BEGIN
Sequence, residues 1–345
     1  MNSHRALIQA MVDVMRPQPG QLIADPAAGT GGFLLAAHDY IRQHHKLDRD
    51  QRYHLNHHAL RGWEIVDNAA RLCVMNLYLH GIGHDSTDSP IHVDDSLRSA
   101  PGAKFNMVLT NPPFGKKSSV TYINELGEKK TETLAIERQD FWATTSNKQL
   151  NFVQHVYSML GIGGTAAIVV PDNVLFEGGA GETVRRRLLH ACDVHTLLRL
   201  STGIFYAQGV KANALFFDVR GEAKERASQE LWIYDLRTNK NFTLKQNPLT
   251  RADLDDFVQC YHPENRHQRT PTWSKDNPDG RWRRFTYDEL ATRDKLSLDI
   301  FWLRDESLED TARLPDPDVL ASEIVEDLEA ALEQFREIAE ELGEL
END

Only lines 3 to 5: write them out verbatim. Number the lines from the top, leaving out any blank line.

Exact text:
    51  QRYHLNHHAL RGWEIVDNAA RLCVMNLYLH GIGHDSTDSP IHVDDSLRSA
   101  PGAKFNMVLT NPPFGKKSSV TYINELGEKK TETLAIERQD FWATTSNKQL
   151  NFVQHVYSML GIGGTAAIVV PDNVLFEGGA GETVRRRLLH ACDVHTLLRL